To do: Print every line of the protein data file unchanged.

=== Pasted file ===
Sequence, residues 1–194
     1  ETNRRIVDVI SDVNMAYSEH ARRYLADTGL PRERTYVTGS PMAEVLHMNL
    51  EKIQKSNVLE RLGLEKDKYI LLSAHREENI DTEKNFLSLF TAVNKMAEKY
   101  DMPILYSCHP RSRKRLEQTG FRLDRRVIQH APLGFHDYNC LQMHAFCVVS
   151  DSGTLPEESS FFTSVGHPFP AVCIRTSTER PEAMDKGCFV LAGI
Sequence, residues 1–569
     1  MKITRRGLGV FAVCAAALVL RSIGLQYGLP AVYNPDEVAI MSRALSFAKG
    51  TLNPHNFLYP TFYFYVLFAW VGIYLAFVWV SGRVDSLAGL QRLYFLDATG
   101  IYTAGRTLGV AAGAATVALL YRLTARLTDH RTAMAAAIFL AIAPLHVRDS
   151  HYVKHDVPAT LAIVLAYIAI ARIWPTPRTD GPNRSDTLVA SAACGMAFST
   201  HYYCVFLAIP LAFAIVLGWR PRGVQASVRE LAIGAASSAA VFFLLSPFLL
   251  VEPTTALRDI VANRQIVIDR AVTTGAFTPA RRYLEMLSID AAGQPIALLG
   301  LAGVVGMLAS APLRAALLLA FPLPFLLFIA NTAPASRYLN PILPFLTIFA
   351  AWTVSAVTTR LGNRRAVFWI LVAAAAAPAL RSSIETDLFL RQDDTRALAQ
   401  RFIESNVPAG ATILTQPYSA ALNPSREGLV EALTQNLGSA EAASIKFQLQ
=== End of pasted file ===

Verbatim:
Sequence, residues 1–194
     1  ETNRRIVDVI SDVNMAYSEH ARRYLADTGL PRERTYVTGS PMAEVLHMNL
    51  EKIQKSNVLE RLGLEKDKYI LLSAHREENI DTEKNFLSLF TAVNKMAEKY
   101  DMPILYSCHP RSRKRLEQTG FRLDRRVIQH APLGFHDYNC LQMHAFCVVS
   151  DSGTLPEESS FFTSVGHPFP AVCIRTSTER PEAMDKGCFV LAGI
Sequence, residues 1–569
     1  MKITRRGLGV FAVCAAALVL RSIGLQYGLP AVYNPDEVAI MSRALSFAKG
    51  TLNPHNFLYP TFYFYVLFAW VGIYLAFVWV SGRVDSLAGL QRLYFLDATG
   101  IYTAGRTLGV AAGAATVALL YRLTARLTDH RTAMAAAIFL AIAPLHVRDS
   151  HYVKHDVPAT LAIVLAYIAI ARIWPTPRTD GPNRSDTLVA SAACGMAFST
   201  HYYCVFLAIP LAFAIVLGWR PRGVQASVRE LAIGAASSAA VFFLLSPFLL
   251  VEPTTALRDI VANRQIVIDR AVTTGAFTPA RRYLEMLSID AAGQPIALLG
   301  LAGVVGMLAS APLRAALLLA FPLPFLLFIA NTAPASRYLN PILPFLTIFA
   351  AWTVSAVTTR LGNRRAVFWI LVAAAAAPAL RSSIETDLFL RQDDTRALAQ
   401  RFIESNVPAG ATILTQPYSA ALNPSREGLV EALTQNLGSA EAASIKFQLQ